The financial service industry's domination by product providers has encouraged advisers to focus too much on their clients' finances, George Kinder has said.
Speaking to FTAdviser, the life planning trainer said advisers need to consider their clients' lives in the round and help them achieve their life goals.
When asked why some advisers did not do this, he said: "Because they are dominated by product thinking. The industry is dominated by product companies, by banks and insurance companies.
"Financial advisers are trained in many ways to sell their products and to sell their ideas that those banks and institutions have and those institutions are primarily driven by profit which comes from the sale of products.
"Their primary focus is not on the delivery of freedom to the consumer but that is what the primary focus of a financial life planner is."
Mr Kinder said that while advisers considered the biggest risk to be a crash similar to 1929, for their clients the biggest risk was not being able to live their lives to their fullest potential.
He said: "It stuns me that the question [of why advisers should take an interest in anything other than their clients' finances] is still out there in the 21st century.
"I would have thought it would have died in the 20th, but it is still out there and it speaks to the history of the financial planning and financial advice industry, coming out of products primarily and secondarily out of laws and spreadsheets.
"What is the planning for, if it is not for the client's life? And if you don't really understand who the client is and have the skills to have a relationship that reveals that then it is very difficult for you to actually deliver on your plan.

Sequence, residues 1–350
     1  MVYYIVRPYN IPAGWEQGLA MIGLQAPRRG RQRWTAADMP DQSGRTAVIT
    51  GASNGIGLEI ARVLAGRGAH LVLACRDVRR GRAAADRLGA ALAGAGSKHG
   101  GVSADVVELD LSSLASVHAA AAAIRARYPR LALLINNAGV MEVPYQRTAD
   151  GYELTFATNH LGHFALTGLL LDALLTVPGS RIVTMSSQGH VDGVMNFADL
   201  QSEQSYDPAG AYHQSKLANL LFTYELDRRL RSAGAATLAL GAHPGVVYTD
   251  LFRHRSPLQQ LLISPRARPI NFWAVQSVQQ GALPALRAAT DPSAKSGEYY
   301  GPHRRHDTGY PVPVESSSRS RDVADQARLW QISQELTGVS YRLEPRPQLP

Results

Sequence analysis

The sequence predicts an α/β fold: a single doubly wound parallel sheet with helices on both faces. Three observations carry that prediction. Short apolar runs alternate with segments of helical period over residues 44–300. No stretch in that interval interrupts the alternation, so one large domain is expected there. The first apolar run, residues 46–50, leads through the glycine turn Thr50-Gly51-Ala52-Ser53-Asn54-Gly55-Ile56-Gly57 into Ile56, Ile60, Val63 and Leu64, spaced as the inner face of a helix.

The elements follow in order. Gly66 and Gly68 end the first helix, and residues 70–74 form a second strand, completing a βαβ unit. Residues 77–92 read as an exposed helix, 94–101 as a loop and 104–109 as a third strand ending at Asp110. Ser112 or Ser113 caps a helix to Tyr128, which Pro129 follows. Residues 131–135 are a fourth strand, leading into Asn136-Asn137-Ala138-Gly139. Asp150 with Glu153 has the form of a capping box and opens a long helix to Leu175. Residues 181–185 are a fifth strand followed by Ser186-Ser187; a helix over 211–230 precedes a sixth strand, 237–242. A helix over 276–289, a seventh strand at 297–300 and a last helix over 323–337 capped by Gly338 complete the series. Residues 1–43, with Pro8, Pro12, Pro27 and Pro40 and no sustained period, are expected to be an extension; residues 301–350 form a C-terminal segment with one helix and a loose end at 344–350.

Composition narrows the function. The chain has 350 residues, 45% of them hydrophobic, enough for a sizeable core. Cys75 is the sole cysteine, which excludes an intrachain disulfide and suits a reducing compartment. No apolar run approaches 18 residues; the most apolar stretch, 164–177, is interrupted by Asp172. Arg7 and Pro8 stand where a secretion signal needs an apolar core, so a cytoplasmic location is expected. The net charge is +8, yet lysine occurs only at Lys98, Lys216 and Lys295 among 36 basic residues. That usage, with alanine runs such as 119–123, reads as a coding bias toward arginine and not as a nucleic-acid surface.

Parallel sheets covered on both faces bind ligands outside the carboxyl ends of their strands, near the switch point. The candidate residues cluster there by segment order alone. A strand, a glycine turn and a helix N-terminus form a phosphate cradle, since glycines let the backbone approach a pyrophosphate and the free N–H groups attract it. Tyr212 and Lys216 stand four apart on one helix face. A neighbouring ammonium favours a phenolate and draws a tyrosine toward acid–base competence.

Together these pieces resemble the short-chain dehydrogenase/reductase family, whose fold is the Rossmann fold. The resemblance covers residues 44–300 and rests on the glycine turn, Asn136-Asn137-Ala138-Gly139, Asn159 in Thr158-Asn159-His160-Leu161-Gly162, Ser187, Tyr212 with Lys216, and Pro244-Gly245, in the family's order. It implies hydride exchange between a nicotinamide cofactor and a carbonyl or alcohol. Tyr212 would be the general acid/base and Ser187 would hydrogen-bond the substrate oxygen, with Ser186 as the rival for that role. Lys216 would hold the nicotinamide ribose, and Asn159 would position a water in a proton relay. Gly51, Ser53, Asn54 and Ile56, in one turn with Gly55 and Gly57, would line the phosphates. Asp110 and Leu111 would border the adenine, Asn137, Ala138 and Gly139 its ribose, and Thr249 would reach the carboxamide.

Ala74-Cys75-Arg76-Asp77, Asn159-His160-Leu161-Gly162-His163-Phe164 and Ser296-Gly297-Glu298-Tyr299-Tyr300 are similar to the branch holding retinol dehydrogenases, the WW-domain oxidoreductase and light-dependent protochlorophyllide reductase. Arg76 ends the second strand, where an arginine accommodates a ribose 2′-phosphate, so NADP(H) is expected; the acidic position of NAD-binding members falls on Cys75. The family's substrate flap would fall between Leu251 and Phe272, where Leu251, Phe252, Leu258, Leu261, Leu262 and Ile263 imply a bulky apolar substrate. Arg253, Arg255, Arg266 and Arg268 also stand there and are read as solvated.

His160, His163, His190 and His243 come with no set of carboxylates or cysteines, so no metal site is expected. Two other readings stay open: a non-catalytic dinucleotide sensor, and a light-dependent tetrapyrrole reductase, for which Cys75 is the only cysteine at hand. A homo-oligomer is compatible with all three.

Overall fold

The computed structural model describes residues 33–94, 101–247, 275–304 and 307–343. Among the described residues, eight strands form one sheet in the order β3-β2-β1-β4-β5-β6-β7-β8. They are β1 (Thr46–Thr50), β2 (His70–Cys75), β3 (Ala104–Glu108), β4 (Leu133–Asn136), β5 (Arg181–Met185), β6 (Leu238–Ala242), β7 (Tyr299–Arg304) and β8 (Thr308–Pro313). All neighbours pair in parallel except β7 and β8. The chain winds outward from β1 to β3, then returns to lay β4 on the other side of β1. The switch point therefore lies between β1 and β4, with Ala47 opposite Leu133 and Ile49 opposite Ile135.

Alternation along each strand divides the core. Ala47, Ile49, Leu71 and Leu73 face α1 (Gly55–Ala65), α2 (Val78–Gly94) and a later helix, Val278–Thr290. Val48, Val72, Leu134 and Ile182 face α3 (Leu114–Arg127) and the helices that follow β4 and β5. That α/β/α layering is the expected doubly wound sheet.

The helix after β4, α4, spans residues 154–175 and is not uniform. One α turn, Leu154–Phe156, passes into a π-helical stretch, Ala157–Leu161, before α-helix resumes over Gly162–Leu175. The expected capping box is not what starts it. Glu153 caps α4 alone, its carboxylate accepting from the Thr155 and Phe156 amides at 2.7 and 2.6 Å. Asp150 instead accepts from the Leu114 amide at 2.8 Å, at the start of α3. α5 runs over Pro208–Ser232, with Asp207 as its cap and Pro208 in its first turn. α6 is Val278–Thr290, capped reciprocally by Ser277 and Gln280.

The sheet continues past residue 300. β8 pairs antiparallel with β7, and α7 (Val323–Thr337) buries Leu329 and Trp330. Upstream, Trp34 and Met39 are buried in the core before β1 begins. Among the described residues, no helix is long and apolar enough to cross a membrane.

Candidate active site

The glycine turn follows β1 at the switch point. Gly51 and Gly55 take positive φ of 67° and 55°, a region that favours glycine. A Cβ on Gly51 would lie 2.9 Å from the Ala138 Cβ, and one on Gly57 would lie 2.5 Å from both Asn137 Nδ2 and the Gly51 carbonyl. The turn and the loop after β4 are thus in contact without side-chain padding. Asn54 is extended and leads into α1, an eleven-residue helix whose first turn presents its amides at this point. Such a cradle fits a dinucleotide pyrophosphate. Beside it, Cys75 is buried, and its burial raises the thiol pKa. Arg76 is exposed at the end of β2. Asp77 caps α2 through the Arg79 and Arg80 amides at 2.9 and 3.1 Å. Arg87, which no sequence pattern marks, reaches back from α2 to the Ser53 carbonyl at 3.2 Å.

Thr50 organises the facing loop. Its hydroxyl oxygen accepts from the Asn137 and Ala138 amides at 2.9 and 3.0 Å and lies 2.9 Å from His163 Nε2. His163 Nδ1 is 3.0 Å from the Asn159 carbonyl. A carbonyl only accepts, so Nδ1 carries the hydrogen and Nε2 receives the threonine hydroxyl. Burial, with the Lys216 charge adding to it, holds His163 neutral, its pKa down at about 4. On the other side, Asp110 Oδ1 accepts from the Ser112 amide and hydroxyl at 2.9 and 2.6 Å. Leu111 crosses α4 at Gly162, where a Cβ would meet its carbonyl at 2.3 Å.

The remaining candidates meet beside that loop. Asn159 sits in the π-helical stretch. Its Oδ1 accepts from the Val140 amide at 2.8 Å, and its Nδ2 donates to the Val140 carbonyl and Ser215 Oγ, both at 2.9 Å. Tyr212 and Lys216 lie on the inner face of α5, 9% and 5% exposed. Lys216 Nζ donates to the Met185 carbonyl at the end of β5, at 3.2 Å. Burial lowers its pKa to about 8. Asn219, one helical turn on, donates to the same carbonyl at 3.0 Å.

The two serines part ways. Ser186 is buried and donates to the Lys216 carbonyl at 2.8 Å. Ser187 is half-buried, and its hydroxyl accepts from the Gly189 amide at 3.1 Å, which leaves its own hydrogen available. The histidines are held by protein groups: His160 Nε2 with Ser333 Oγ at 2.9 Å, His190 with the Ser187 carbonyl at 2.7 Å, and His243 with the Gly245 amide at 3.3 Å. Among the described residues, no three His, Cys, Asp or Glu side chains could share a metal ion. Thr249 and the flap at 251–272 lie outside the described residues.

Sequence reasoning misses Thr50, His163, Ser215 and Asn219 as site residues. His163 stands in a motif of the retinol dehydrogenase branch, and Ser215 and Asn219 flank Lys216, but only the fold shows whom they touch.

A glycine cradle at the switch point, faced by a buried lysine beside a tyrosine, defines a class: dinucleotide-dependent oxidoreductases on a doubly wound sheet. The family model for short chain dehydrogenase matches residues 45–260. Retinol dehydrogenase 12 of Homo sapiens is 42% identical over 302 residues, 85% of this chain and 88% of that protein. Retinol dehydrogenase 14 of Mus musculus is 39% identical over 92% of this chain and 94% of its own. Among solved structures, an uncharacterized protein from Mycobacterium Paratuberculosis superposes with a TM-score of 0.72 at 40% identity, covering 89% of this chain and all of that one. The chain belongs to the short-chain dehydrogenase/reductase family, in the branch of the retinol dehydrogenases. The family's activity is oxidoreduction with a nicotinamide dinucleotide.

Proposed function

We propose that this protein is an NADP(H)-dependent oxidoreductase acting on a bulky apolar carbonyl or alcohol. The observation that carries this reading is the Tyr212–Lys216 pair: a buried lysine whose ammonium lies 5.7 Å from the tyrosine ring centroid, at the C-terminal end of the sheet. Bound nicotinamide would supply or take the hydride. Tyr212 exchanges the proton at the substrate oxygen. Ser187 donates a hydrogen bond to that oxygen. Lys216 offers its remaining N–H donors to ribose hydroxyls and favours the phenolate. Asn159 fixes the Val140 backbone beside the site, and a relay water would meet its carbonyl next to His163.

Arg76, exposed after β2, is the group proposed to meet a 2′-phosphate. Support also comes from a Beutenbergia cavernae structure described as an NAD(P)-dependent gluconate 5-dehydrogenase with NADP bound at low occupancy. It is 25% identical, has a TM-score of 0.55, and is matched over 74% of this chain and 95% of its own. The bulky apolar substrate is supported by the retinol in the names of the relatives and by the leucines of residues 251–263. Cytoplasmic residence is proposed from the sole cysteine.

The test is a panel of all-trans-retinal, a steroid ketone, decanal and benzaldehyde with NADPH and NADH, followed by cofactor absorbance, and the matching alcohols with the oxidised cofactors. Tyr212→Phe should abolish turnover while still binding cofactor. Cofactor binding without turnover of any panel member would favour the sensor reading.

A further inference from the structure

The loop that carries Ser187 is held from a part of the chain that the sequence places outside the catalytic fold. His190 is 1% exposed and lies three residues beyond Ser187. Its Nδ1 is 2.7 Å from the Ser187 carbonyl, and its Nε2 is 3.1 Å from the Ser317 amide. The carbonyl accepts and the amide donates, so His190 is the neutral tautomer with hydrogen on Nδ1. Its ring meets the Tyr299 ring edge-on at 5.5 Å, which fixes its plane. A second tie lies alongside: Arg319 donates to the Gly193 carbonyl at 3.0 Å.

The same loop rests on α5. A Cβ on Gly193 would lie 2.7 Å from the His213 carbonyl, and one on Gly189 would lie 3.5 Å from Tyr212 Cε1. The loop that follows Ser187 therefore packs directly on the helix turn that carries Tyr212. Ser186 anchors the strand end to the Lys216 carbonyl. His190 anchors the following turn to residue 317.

"The financial advice industry, if you look at surveys of trust, they are almost as low as politicians. Journalists are just a little bit better.
"One of the ways to think about why financial advice has gone in the wrong direction is to consider what the greatest risk to a client is. Classically we have thought the greatest risk was a 1929-style collapse or a 1973/74-style collapse.
"As financial planning developed we began to realise it was not having a financial plan in place because it could have as much to do with the failure of insurance or a failure of retirement planning or estate planning as a collapse in the markets.
"But what the client feels would be the greatest risk is for them not to live into their life of freedom, not to live into their dream of freedom and that's what life planning delivers."